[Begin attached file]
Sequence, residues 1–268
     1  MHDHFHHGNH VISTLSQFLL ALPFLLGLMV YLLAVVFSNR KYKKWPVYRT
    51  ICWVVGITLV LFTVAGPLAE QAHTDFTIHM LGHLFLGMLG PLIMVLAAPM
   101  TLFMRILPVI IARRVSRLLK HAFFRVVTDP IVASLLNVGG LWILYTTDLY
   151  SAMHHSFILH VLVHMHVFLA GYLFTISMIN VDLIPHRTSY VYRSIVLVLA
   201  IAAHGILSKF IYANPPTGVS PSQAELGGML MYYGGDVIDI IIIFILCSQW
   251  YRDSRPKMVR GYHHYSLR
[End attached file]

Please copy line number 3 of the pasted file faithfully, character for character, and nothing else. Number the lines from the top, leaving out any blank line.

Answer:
    51  ICWVVGITLV LFTVAGPLAE QAHTDFTIHM LGHLFLGMLG PLIMVLAAPM